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Dec 17, 2013 01:58 PM EST

Emperor Penguins Travel in Traffic Jam Formation to Keep Warm and Battle Antarctic Winter Conditions (VIDEO)

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To keep warm in the coldest times of winter, emperor penguins travel together in a tight formation akin to a bumper-to-bumper traffic jam.

According to a press release, researchers likened the penguins' formation to a traffic jam because they literally huddle tightly together and move in a stop-and-go manner. This helps them keep warm and battle harsh Antarctic conditions.

For their study, published in the New Journal of Physics, the researchers recreated the formation using a mathematical computer model. They discovered that each penguin only needs two centimeters to move in any direction, which then causes a chain reaction for others to follow.

The researchers described the individual movements like a wave traveling through the group of penguins, very much like the movement of a traffic jam on a crowded highway. In a previous related study, researchers analyzed a time-lapse video that showed the penguins moving every 30 to 60 seconds.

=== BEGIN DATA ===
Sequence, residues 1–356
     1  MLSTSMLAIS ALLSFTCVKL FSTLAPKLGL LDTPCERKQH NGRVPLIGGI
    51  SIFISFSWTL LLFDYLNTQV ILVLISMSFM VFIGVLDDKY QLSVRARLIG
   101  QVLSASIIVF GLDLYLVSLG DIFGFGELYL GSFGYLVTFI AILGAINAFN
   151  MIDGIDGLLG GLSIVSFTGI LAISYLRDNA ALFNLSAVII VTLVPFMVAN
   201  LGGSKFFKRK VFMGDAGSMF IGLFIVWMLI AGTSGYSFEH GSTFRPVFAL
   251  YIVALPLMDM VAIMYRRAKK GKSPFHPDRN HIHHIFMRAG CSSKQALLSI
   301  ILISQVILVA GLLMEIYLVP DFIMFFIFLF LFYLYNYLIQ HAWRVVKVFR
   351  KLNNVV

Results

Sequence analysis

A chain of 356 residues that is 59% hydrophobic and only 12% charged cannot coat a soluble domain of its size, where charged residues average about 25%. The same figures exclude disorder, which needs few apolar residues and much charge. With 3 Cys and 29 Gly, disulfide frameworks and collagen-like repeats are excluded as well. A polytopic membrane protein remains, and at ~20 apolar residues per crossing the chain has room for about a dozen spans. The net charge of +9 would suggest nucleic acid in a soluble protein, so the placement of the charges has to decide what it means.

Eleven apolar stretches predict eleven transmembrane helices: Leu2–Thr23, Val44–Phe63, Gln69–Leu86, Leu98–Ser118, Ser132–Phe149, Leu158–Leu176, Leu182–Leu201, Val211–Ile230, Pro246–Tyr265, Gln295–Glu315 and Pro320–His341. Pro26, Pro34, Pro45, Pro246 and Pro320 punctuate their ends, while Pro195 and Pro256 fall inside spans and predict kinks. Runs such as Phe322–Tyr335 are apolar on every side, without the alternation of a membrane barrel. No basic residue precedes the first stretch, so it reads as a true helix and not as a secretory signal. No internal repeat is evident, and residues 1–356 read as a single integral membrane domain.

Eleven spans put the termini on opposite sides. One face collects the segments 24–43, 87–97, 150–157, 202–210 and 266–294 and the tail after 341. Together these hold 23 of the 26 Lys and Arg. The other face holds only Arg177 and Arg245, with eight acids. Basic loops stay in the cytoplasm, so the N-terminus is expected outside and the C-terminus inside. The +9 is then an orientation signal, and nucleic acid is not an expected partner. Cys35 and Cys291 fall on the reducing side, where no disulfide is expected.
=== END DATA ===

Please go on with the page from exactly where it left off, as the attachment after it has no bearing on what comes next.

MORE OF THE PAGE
"Our previous study showed how penguins use travelling waves to allow movement in a densely packed huddle, but we had no explanation as to how these waves propagate and how they are triggered," study co-author Daniel Zitterbart, of the Alfred Wegener Institute, Helmholtz Centre for Polar and Marine Research, said in the release.

However, the results of the study exposed one key difference from a traffic jam: the penguins can move in any direction and do not have a specific leader. The researchers found that any penguin in the group can influence the direction of travel by just the slightest move.

"We were really surprised that a travelling wave can be triggered by any penguin in a huddle, rather than penguins on the outside trying to push in," said Zitterbart. "We also found it amazing how two waves, if triggered shortly after each other, merged instead of passing one another, making sure the huddle remains compact."

During the Antarctic winter, temperatures can drop as low as minus 50 degrees Celsius and winds can reach 200 km/h. A group of emperor penguins can consist of thousands and they all maintain such close quarters to share body heat in coping with the fierce Antarctic winter.

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